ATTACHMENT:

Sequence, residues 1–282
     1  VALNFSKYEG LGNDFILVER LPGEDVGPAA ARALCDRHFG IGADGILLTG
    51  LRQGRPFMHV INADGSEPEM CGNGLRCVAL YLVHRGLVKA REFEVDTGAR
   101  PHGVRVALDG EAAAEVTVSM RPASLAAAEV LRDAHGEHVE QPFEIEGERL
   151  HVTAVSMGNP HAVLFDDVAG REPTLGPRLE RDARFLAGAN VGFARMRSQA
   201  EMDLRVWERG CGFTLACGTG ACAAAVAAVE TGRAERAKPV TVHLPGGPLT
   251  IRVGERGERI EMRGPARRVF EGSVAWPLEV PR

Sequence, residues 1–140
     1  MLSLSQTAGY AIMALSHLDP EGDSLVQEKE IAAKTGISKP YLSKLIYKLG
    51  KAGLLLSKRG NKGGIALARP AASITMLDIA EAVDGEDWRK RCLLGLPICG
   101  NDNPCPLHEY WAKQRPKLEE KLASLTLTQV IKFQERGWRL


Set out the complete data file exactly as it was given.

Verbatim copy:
Sequence, residues 1–282
     1  VALNFSKYEG LGNDFILVER LPGEDVGPAA ARALCDRHFG IGADGILLTG
    51  LRQGRPFMHV INADGSEPEM CGNGLRCVAL YLVHRGLVKA REFEVDTGAR
   101  PHGVRVALDG EAAAEVTVSM RPASLAAAEV LRDAHGEHVE QPFEIEGERL
   151  HVTAVSMGNP HAVLFDDVAG REPTLGPRLE RDARFLAGAN VGFARMRSQA
   201  EMDLRVWERG CGFTLACGTG ACAAAVAAVE TGRAERAKPV TVHLPGGPLT
   251  IRVGERGERI EMRGPARRVF EGSVAWPLEV PR

Sequence, residues 1–140
     1  MLSLSQTAGY AIMALSHLDP EGDSLVQEKE IAAKTGISKP YLSKLIYKLG
    51  KAGLLLSKRG NKGGIALARP AASITMLDIA EAVDGEDWRK RCLLGLPICG
   101  NDNPCPLHEY WAKQRPKLEE KLASLTLTQV IKFQERGWRL